There simply isn't much room for improvement of a basic, simple, working, time proven mechanical design, it seems. Either that, or there wasn't much money put into R&D on handgun side, seems most of it went towards developing SMG's / assault rifles.
  11. DoubleTapDrew

    DoubleTapDrew Well-Known Member

    Seems there's been a large leap in the performance of bullets in regards to hollow points.
    Also things have been getting more compact. handguns, subguns (MP7, P90), carbines (m4 & other short intermediate caliber rifles), full power rifles (KelTec RFB, Desert Tactical SRS)
    There hasn't been the quantum leap I was expecting in the 80's when I read about things like the caseless rifles such as the HK G11.
  12. rcmodel

    rcmodel Member in memoriam

    JHP handgun bullets were not even widely available commercially until the late 1960's / early 1970's.
    The Super-Vel company lead the charge.

    Before then?
    If you shoot a revolver, you shot lead bullets.
    If you shoot a bottom-feeder, you shot FMJ-RN.

    Cause thats about all there was then.

  13. Stophel

    Stophel Well-Known Member

    No, not any that I care anything about. ;)
  14. exavid

    exavid Well-Known Member

    I go with the opinion that there have only been incremental improvements, no major innovations. Several ideas that were new have gone the way of all things like the Winchester 88 as already mentioned. I had one in .284. It was difficult to use in real cold weather due to the mechanical disadvantages of the action. You needed a prybar to open the action and a hammer to shut it in -20F weather. One other idea that came along in the 60s was the "Gyro Jet" pistol and rifle. It didn't pan out either. I have a fairly new model .45, a Ruger P345. Other than manufacturing technique and materials it's much the same as my old 9mm S&W model 39. Ruger is still selling basically the same MK somethingorother .22 pistol that they sold in 1950. Not all that much difference between the first MkI and the current 22/75. The Ruger 10/22 has been pretty much the same for almost 60 years now. Browning's 45 is well over 100 years old now. It's much the same in the Aircraft industry. Airliners haven't changed much other than slight improvements and size since the Boeing 707 came out in 1954. In a lot of things we're reaching the limit of our materials and technology. It's been a long time since anything really new came out in anything that isn't related to electronics which is still not a mature technology.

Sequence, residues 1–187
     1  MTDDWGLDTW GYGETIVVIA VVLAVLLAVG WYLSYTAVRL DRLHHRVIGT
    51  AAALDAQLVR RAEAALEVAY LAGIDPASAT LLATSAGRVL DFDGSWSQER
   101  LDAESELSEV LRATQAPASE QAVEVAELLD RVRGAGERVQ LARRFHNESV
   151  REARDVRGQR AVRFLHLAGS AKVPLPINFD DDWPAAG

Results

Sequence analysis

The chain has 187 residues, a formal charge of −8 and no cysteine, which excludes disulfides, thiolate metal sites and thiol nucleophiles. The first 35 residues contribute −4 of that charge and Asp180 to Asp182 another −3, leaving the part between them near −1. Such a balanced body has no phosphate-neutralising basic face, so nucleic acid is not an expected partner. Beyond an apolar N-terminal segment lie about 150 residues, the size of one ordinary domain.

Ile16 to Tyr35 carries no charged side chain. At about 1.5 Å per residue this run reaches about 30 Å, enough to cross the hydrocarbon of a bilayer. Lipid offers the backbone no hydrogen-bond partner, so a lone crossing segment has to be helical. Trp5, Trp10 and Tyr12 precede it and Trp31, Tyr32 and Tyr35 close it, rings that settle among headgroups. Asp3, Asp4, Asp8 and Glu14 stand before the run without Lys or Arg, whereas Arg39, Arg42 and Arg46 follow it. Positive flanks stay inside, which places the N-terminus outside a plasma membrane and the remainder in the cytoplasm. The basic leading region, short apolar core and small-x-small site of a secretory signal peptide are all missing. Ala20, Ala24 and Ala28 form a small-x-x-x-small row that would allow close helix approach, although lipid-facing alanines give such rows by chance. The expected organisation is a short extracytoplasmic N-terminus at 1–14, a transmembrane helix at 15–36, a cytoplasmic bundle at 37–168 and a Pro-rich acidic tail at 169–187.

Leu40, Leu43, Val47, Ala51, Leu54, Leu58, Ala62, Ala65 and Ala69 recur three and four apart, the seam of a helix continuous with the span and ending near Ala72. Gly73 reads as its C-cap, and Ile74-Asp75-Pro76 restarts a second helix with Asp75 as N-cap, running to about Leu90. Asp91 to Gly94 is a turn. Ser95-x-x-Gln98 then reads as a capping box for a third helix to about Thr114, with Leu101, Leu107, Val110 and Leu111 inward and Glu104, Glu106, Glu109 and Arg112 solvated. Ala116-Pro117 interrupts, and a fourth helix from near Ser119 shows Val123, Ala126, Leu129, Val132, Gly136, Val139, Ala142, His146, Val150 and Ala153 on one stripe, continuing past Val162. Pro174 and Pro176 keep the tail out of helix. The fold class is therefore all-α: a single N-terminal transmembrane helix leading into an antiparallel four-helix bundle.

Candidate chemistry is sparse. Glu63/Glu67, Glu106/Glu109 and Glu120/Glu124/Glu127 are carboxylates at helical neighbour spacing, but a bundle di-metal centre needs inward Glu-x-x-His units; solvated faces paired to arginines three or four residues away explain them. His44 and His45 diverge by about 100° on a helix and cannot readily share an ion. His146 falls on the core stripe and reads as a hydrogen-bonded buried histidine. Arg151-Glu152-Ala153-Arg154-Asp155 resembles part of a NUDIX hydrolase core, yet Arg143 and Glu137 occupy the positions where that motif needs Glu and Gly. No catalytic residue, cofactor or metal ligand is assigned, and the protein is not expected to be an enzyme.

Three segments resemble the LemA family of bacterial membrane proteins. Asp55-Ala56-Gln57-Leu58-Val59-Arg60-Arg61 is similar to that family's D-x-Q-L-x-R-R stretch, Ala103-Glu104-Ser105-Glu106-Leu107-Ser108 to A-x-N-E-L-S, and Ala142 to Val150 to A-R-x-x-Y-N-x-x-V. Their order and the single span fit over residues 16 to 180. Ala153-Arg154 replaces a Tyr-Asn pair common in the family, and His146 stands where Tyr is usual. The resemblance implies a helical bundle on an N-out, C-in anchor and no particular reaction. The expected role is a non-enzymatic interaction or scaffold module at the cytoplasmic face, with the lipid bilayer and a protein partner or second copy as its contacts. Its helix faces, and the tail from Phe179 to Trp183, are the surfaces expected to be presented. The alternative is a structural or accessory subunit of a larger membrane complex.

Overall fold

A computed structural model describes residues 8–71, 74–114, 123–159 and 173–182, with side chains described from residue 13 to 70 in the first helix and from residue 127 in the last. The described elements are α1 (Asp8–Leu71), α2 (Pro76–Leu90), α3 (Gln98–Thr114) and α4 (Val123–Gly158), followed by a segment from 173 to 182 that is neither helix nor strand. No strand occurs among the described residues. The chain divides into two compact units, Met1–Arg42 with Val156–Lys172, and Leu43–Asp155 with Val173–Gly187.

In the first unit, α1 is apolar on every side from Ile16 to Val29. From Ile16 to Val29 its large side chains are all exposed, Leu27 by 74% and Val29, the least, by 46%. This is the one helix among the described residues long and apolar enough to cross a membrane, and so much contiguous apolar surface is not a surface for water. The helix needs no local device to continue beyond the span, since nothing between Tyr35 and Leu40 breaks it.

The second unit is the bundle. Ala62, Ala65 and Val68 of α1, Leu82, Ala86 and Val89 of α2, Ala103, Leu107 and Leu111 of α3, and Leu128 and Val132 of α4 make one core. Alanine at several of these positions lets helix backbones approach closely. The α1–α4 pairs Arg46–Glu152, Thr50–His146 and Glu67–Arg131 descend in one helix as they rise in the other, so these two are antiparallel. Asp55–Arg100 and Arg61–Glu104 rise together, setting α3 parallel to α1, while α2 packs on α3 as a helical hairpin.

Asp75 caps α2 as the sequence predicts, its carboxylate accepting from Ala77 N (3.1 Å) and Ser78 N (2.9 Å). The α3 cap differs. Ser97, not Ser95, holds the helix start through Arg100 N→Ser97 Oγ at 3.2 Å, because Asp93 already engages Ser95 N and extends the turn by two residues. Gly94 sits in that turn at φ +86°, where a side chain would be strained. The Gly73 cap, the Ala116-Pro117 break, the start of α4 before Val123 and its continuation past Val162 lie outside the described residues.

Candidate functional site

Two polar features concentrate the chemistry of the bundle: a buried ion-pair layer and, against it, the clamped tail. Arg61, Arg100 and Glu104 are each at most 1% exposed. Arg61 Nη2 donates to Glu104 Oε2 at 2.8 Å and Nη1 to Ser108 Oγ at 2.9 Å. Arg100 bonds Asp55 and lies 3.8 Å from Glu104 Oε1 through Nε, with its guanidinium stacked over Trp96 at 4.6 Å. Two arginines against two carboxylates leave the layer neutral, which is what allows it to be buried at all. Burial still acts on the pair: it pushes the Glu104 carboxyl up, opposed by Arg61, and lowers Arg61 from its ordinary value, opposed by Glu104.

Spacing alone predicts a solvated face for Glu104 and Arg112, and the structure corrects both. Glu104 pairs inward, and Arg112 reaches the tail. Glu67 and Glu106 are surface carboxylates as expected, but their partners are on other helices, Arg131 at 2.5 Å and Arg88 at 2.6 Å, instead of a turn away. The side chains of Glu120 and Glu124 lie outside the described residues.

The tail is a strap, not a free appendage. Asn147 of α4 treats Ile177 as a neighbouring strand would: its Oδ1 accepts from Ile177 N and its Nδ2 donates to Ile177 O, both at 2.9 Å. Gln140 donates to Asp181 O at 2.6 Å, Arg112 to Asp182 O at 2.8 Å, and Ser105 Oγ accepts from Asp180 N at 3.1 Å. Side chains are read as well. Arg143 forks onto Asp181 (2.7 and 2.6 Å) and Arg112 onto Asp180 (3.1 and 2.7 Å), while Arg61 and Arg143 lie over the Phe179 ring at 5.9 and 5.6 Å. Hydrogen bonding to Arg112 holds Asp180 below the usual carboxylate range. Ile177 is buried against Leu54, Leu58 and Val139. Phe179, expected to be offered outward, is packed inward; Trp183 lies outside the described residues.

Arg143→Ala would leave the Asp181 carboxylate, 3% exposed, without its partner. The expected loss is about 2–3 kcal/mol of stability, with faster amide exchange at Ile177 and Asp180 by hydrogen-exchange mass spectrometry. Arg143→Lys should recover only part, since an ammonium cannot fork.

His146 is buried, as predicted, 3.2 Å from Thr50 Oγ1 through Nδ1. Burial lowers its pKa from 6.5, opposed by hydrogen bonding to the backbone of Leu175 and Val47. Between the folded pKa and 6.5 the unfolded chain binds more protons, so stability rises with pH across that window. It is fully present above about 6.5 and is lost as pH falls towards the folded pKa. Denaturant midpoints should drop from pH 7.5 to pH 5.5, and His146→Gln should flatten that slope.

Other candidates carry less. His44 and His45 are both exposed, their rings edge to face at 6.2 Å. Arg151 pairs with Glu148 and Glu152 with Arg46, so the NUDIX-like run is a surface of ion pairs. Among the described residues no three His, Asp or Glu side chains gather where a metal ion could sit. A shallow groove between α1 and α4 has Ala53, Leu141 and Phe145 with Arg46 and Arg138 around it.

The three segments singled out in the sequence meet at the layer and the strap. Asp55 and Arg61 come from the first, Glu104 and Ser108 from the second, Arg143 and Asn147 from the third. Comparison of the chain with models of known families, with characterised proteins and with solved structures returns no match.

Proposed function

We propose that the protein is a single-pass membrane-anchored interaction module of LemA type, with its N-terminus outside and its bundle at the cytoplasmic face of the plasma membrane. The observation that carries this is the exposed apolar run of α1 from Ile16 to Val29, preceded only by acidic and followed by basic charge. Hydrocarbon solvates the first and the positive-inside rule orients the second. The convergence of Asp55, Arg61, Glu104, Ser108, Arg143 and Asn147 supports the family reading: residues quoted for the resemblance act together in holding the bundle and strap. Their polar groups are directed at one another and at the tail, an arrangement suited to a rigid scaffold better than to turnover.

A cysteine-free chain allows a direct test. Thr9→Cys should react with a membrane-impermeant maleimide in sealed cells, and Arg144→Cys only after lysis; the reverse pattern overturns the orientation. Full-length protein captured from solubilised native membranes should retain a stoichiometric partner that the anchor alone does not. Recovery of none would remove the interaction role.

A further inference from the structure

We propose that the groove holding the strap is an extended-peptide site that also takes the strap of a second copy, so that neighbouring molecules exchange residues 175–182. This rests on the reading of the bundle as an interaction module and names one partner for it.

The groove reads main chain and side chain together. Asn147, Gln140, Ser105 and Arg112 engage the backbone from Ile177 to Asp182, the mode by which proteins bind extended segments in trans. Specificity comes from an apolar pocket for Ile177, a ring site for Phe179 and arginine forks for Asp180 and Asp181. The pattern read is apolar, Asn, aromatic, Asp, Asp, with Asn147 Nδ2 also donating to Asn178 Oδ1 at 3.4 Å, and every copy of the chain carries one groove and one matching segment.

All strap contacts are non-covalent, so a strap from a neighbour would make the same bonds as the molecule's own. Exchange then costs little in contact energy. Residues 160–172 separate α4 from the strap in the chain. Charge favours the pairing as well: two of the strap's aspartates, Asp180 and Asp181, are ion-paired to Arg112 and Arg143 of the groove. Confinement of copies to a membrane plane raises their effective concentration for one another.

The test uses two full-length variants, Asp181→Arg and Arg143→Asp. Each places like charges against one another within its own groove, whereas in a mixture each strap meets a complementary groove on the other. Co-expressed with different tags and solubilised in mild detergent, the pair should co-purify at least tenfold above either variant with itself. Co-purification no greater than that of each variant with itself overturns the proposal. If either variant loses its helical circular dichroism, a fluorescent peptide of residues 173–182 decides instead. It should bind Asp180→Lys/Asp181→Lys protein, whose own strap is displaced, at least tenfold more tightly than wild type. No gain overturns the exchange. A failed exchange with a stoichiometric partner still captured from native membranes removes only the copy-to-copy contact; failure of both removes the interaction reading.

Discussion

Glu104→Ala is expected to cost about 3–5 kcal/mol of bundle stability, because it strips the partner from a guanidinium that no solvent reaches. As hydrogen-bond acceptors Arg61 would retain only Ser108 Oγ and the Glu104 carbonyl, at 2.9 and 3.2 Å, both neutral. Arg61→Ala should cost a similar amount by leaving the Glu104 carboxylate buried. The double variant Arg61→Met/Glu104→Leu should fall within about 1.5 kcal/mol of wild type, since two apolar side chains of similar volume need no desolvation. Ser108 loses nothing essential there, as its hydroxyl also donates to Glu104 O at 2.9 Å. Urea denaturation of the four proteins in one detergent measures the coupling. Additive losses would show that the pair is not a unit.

15. The Lone Haranguer

    The Lone Haranguer Well-Known Member

    RC: I think most of those things are more improvements and evolution of innovations than true innovations. The improved handgun ammunition certainly is one, though.
  16. Rembrandt

    Rembrandt Well-Known Member

    Intended firearm use has changed and driven the need for new technology.....we once fought for freedom in the world using peep sights and ball ammo. Now ammo manufacturers tell us we're faced with the walking dead phenomenon....somehow I think these new threats could still be taken out with peep sights and ball ammo.
  17. d2wing

    d2wing Well-Known Member

    M16, red dot sights, night vision. More accurate ammo and generally better mass produced guns. But I cherish my old blued steel guns.
  18. Sheepdog1968

    Sheepdog1968 Well-Known Member

    Jeff Cooper listed the Marlin Co-Pilot (made by Wild West Guns), the Styer Scout Rifle, and the Blazer R-98 (pull straight back bolt action) as the only major advances.
  19. ridgerunner1965

    ridgerunner1965 Well-Known Member

    better muzzeloaders
  20. Loosedhorse

    Loosedhorse member

    Better metallurgy: stainless steel, stronger aluminum alloys (like scandium alloy), well machined titanium, etc.

    That has allowed more power overall, and more power in smaller packages: think S&W 500 Mag, and Boberg micro 9.

    As a result, we've learned a lot about handling big recoil: the grips available for today's hard recoiling guns are great.